Alexander-Arnold and the impossibility of judging teens

Date published: Thursday 17th August 2017 12:50

Following his lovely free-kick on his Champions League debut, Trent Alexander-Arnold is not only the best footballer you can name with a surname for a first name and two first names for a surname, but has also announced himself definitely as One To Watch, a Prospect For The Future.

Only…what does that mean?

This is changing a little, but it has long been the pattern that following England’s latest (inevitably humbling) exit from a major tournament, we start hypothesising about what the national team might look like in two, four or eight years, and invariably we decide that there aren’t enough talented youngsters coming through. Oh what a terrible crisis we’re in, how did we get here, there’s too many foreigners, yes we demanded our clubs sign the foreigners but shut up.

Here’s the thing, though. Let’s say for the sake of argument there is an absolutely wonderful generation of players currently ploughing away in the big club academies. This is a group of players who will take England to back-to-back World Cup victories in 2024 and 2028. They lose in the final of Euro 2026 only on penalties, to Germany, because even in utopian visions of the future there are some facts of life you simply cannot change. They go down as one of the greatest international sides of all time. After decades of knowing nothing but how to tear down the national team, the tabloids are stunned into silent confusion, their back pages blank.

Here’s the question: at what point over the next seven to ten years do you think we would become aware that we have a really sodding wonderful team on our hands? Would we know it when we saw it?

My suspicion is we’d probably only realise a few months before at best, possibly only once the tournament itself reaches the knock-out stages.

Why? A host of reasons. Because youth football is a poor indicator of future success; because successful squads tend to span a whole range of ages (at least two members of that 2024 side must already be 25 years old); but mostly because with a few once-in-a-generation exceptions, it is nearly impossible to see really, really good individuals coming, let alone a whole squadsworth of them. That’s a valid unit of measurement, right?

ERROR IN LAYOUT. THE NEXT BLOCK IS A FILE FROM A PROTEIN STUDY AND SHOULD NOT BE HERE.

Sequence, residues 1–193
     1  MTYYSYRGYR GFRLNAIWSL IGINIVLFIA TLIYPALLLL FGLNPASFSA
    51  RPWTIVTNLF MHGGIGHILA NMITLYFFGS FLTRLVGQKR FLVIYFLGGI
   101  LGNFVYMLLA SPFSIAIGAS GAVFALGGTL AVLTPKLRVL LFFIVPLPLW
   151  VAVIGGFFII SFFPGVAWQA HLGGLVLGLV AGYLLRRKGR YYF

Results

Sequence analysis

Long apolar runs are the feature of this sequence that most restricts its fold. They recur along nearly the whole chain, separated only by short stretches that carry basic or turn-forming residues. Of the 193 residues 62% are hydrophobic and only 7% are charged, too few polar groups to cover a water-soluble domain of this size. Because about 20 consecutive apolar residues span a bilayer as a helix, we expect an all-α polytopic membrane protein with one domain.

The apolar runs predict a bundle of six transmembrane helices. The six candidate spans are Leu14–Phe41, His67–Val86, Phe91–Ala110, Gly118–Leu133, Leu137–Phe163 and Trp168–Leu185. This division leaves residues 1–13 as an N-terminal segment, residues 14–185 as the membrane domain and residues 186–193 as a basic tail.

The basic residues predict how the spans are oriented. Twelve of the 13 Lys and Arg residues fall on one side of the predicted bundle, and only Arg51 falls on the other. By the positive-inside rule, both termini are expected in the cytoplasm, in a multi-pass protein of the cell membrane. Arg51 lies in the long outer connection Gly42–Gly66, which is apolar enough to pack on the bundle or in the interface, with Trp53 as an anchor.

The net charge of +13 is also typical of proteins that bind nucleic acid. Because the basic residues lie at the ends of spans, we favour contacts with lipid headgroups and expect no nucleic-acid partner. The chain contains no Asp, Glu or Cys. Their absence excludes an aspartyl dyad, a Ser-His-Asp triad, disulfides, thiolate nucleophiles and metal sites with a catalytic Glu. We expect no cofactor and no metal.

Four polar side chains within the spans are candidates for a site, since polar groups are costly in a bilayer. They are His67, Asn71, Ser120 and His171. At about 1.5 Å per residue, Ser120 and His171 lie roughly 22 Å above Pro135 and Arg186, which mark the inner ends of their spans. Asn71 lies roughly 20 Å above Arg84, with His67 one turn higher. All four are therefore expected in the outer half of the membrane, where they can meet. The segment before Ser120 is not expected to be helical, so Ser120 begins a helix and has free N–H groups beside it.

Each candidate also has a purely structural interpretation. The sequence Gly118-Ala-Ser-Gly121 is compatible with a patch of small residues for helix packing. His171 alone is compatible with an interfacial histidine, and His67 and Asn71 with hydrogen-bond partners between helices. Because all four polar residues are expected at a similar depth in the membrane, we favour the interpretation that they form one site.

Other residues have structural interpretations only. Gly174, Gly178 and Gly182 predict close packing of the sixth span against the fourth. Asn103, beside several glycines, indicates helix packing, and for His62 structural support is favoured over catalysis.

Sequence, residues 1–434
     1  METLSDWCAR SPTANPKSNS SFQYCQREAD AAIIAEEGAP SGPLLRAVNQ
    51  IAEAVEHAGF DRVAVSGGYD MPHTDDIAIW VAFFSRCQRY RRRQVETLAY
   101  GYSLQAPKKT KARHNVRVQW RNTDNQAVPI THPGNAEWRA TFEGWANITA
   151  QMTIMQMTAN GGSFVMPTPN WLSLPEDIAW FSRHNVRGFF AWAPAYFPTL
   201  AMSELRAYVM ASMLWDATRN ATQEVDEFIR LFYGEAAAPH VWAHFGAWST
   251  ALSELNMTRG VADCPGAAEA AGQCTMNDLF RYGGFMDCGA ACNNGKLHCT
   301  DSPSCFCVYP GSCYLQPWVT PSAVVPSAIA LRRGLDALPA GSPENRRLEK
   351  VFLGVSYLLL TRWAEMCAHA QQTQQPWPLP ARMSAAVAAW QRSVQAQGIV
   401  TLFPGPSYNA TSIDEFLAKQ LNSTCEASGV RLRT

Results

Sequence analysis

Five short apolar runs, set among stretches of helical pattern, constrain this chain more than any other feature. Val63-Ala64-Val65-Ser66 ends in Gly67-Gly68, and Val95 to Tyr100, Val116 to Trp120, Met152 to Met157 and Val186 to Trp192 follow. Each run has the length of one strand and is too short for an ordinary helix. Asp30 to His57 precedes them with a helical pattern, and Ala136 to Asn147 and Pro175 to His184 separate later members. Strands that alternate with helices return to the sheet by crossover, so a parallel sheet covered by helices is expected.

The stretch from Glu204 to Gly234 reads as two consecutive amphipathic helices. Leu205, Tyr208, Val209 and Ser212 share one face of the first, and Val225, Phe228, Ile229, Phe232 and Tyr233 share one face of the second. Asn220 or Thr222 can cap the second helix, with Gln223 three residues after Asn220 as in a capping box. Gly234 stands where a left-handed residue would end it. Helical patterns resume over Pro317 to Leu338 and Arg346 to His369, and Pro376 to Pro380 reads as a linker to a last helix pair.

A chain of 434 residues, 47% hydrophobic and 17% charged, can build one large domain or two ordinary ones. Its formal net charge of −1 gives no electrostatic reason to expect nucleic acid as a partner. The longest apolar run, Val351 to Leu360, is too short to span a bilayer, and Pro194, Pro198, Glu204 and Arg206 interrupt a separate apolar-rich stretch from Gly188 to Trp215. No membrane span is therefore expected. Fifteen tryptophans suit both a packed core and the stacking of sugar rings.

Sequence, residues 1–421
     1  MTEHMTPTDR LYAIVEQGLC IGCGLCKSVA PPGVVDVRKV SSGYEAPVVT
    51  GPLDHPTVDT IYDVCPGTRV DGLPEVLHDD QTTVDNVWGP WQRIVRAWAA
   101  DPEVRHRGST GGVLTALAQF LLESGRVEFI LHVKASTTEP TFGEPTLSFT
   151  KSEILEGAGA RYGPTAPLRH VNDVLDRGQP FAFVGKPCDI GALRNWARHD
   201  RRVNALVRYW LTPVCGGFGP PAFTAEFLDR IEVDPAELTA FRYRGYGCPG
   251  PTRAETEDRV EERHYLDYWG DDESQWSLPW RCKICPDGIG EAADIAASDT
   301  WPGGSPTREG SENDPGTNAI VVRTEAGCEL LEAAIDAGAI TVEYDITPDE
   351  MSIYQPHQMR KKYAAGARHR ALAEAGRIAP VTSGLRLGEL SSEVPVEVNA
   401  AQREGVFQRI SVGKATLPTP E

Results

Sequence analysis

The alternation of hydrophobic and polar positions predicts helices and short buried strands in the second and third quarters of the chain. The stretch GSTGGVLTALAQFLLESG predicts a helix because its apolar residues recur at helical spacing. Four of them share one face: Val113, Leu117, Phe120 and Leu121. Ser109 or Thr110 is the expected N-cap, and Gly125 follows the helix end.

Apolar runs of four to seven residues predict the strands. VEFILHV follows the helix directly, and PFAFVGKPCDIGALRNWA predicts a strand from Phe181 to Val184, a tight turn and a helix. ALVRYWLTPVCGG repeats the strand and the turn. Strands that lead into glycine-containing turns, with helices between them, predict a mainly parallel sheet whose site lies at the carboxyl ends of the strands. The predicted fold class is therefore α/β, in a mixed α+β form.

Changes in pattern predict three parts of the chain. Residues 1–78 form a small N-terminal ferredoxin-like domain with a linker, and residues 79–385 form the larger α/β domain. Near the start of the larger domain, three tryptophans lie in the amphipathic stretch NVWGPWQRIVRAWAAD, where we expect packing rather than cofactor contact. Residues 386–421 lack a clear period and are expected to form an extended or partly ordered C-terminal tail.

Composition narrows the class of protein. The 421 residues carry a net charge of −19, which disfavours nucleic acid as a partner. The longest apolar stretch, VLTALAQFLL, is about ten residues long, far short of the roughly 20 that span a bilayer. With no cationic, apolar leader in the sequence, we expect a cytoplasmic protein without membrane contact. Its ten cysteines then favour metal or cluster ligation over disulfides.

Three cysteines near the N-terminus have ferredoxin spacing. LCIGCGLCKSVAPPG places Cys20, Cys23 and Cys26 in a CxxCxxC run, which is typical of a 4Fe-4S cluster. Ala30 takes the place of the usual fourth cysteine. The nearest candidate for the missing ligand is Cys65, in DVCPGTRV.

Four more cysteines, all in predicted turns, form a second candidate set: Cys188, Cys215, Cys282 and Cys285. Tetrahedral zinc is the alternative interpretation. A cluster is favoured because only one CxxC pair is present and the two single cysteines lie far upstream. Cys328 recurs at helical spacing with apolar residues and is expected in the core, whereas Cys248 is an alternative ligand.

Sometimes it seems like when some people say there are ‘no youngsters’ coming through, what they mean is that we’ve only had one Marcus Rashford in the last 18 months, rather than six. But players like the Manchester United forward are the exception, rather than the rule. A teenager absolutely exploding into superstardom in their teenage years happens so seldom that it still provokes a flurry of media coverage every time.

These are the kinds of player whose arrival is so impactful that you know, instantly, they are going to be huge stars, who even rival fans can’t wait to see turn out for the national team. Michael Owen, Wayne Rooney, Raheem Sterling and Rashford are the big British examples from the past 20 years.

By definition, you don’t see these teenage sensations coming: they’re like being smacked around the back of the head with a phone book.

At the other end of the spectrum are players who have worked their way up more slowly, possibly through the divisions, probably overcoming a period of multiple loan spells: Danny Rose, Harry Kane, Michael Keane, Jamie Vardy, Peter Crouch, Teddy Sheringham and Adam Lallana fall into this category. Once again, you don’t see this group coming because their rise is steady, boring and quiet, until you suddenly realise: “Oh yeah, they’re pretty good, aren’t they?”

Then there’s the middle group: those who were good enough as kids but there was always a cautious optimism that followed them into their 20s. This is the one group you do actually have on your radar; the only problem is that it’s so loud and varied, you can’t tell the signal from the noise.

Yes, sometimes it works out phenomenally well, but more often they live up to the potential their relatively muted emergence would suggest without really exceeding it, or are tragically underwhelming. There are so many examples of players that took all three paths that I’ll let you make your own lists, but I’d suggest Cristiano Ronaldo, James Milner and Francis Jeffers are good starting points. With results as varied, unreliable and unpredictable as that, do you really put much faith in your ability to divine the wheat from the chaff when weighing up our hopes for the future?

If England’s youth performances this summer are anything to go by, this season will see the emergence of plenty of fresh young faces, if you’ll pardon an expression that becomes so incredibly gross when imagined in a butcher’s window. Alexander-Arnold is merely the first.

But. But. Sitting on fences is unsexy, unfashionable and leaves you prone to splinters in some very nasty hard-to-reach places – but as far as teenagers are concerned, it’s the only sensible thing to do. Who knows? Perhaps that’s just the kind of encouraging, pressure-free attitude our kids need in order to flourish.

Steven Chicken

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